Jerry also rebuts:

"Suck is a strong word! I just like to use my tricks wisely and not whore them out."

The Central Station brick tranny as discussed below
Playground treats

Before we go too deep, I wanted to explore the concept behind the video. While it's somewhat obvious, I like that it acts as a guide to approaching the making of this project, as in you have to put in extra thought and effort to make it happen - after all, SEQ is not known for its street tranny. I spoke with the guys about what the experience was like to create this video in somewhat of a narrow sense and whether the element of a 'challenge' was part of the motivation behind the project. 

Jerry kicks off:

"I take no credit for the concept. At the time I just hadn't had a chance to film anything I'd seen around my area and Raph was keen, it just so happened there was some interesting curvature involved. 

It definitely became a challenge after those first few spots but at that point we were committed, so yeah we ended up slipping a few bank spots under the same umbrella. Nothing wrong with a bit of a challenge though. Found some awesome new stuff too."

Raph continues:

"It was a bit of motivation to revisit some of these spots and to create something a little different to a 'normal BMX video'. At the start, Jerry kept talking about transition spots to go back to and check out and it seemed like there would be enough to make a video out of it. But then the deeper we got into it we realised it was getting harder and harder to come up with spots. We started bending out own rule and bank spots were gonna have to be good enough as well haha. 

We got really unlucky with the weather as well. We had heaps more ditch spots that we wanted to ride but they just never seemed to dry up to a point that they were rideable. Same with pools, at one stage we were finding a lot but most of the time people still lived there and they were not too keen on the idea of us draining and riding their pool. But it was fun, we really had to start thinking and keeping an eye out for anything that was rideable and had some curvature to it."

Northside dam overflow
Raph, portrait guy

The photos the boys provided included a whole folder devoted to a single pool session. Pools are somewhat of an obvious curve, one quite familiar to these two who have drained their fair share over the years. Generally there is a story behind each pool, even if there isn't any drama with another person/s, most of the time it takes some investigation to locate, then effort to scope out in practice and then further, the work to empty, clean and ride.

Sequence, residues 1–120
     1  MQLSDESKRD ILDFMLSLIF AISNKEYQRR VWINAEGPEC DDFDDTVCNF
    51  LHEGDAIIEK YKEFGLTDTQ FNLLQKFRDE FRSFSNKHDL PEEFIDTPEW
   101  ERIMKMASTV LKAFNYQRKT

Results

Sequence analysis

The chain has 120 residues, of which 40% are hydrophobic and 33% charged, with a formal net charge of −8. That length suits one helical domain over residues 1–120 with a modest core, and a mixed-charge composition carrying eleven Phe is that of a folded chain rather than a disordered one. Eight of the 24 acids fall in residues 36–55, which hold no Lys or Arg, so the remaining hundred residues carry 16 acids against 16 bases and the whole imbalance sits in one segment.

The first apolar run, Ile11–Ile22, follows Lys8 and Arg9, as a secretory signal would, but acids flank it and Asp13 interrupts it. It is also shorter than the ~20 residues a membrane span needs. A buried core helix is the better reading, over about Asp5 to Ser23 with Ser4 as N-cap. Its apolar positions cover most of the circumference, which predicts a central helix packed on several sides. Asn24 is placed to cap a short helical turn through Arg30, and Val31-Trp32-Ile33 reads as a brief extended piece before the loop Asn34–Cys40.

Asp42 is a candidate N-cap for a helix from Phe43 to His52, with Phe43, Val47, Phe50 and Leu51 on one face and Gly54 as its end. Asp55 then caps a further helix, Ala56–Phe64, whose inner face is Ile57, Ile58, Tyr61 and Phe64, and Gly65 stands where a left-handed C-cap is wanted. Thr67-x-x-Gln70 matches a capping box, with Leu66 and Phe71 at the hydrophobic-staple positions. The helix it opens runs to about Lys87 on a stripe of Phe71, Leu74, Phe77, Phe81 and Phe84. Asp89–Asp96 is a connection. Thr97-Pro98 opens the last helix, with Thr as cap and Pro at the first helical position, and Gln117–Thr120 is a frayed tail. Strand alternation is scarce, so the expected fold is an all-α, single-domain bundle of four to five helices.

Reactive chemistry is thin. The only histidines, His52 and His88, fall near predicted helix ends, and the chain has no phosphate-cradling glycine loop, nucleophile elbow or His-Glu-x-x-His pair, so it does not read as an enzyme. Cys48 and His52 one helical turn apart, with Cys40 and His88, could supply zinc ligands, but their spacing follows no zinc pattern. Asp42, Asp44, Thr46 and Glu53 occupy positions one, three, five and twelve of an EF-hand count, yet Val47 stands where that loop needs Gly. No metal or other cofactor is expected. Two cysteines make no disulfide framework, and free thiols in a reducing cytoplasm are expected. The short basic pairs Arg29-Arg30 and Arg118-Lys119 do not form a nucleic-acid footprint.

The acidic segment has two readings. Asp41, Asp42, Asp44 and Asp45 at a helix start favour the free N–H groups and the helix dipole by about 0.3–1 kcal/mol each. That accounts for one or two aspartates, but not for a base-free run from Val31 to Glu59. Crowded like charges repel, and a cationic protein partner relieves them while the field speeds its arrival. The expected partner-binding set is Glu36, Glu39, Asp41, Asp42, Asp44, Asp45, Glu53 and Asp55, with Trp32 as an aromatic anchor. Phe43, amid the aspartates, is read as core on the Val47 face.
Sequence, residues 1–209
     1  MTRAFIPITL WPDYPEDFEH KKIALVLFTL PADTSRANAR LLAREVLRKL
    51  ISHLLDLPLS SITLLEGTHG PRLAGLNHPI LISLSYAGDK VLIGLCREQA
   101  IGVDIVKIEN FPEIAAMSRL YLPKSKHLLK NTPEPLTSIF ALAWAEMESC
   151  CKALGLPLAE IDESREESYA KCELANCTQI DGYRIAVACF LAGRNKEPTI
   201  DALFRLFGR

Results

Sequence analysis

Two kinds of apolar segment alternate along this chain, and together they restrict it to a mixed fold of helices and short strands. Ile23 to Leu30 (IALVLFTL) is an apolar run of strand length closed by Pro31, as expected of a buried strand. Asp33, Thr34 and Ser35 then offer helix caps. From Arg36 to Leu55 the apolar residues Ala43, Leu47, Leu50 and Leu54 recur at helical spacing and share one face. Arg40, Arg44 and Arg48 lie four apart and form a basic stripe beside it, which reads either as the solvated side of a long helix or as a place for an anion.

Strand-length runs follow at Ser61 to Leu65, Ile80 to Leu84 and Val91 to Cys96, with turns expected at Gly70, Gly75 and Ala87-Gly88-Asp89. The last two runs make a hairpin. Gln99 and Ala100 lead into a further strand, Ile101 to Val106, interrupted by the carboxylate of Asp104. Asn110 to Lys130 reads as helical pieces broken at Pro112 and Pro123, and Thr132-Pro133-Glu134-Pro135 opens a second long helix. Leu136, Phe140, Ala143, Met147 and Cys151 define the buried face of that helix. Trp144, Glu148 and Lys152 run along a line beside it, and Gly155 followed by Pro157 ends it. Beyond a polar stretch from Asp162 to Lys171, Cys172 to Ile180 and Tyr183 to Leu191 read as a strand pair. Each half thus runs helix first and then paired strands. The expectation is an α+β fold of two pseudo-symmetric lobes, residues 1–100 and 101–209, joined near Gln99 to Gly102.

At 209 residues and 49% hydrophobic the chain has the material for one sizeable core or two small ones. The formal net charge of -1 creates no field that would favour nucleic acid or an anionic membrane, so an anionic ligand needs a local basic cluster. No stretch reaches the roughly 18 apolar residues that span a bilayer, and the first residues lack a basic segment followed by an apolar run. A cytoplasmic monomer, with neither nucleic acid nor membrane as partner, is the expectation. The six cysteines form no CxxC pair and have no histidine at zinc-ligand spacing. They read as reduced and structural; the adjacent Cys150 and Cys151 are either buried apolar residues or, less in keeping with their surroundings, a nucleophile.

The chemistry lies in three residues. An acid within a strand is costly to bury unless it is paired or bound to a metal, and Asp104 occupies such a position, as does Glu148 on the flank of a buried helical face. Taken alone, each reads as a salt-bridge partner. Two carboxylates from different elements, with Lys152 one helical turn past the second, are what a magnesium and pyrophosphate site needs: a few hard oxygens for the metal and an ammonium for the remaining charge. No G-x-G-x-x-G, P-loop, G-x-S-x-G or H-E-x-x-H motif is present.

Raph describes:

"Pools are the rawest and purest form of riding in my eyes. When we started this project, the goal was definitely to find some new pools. As most people know. Australian pools are terrible 97% of the time, as in little to zero transition. But a pools a pool and it’s more of the adventure and all the other shit you have to go through to ride it that makes it worthwhile. 

We only managed to find 3 pools that were rideable or should I say, that we got to ride at all. One was the West End pool, then there was the South Bank pool and thirdly, a new one down the Gold Coast. So I was down there with the goldie crew getting some clips for my LUX part with Troy. Spencer and I were driving to that wooden rail at Southport. As we were driving we notice this huge house and it looked abandoned and pretty run down. I ask Spencer (who was the passenger) to check Google maps and see if it had a pool which it did and thankfully, it looked like it had some curves! So I chucked a Uie as fast as I could (got a red light camera ticket as well haha) pulled up right next to it and we jumped the fence. 

The place was crazy looking, half way through a renovation by the looks of it and just shit lying around everywhere, the body shell of car, building equipment and tools. Most importantly, the pool and looked ok from what we could tell through the murky water. The shallow end looked the most promising and when we stick tested it seemed to have a little bit of tranny. Fast forward a month or so, Jerry and I did the mission down with two pumps and all the tools you need to drain a pool. Harrison (Tempered team mate) came along with this girlfriend to help out and ride. We got lucky as there was still power on at the switchboard so we hooked up an extension lead and let the pumps do the work. I was a little worried at first because it is right on this main road/highway and the water was just pouring out on to the road, which I thought could raise suspicion but no unwanted visitors thank god. It took us about 4 hours or so to get it empty and then we got in there with buckets and started shovelling out all the gunk and fallen palm leaves. 

The excitement started building as we got it all cleaned out and it was drying up. But the curvature of this one was pretty average, although it had some lines. It definitely worked better Jerry’s way than mine, but we all managed to get some laps before night fall.

We went back a few weeks later and I was gonna show Spencer and Newman but looks like the owner replaced the lock that we snapped off on his fence, oh well another one hit wonder."

Jerry closes out:

"As Raph mentioned, this one really only worked well in one direction. Tight tranny but big enough to get a decent carve going. 

Draining it was fairly straightforward considering we had power on site. Raph kind of glossed over the severity of the sludge we had to pull out of there though. It was only like a 3rd full, but we're talkin' DANK sediments and dead toads, the kind of shit you avoid getting on your hands for as long as you can.